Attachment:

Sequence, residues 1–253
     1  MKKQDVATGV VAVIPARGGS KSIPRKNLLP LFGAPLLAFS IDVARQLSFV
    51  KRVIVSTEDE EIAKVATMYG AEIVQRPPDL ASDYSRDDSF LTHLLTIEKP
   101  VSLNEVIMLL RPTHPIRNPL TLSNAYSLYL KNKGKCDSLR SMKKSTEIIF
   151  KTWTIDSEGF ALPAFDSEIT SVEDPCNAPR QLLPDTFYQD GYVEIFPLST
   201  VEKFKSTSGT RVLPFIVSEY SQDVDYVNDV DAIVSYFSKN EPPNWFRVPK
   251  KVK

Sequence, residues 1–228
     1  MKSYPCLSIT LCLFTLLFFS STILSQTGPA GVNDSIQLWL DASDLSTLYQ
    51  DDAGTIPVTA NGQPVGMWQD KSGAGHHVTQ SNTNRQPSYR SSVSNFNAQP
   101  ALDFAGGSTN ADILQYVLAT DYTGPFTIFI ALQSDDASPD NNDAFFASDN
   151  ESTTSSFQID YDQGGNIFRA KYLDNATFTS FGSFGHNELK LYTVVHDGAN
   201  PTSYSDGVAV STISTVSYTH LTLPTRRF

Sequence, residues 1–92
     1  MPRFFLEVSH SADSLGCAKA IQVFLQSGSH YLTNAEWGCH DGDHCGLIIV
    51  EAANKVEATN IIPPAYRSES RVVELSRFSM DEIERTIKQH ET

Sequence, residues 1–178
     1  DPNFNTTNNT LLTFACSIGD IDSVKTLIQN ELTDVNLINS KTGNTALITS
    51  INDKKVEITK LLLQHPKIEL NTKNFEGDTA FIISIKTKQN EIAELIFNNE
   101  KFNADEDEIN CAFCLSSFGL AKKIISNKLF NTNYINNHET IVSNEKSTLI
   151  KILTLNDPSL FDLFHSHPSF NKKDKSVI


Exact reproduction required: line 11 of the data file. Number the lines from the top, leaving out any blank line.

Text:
   101  ALDFAGGSTN ADILQYVLAT DYTGPFTIFI ALQSDDASPD NNDAFFASDN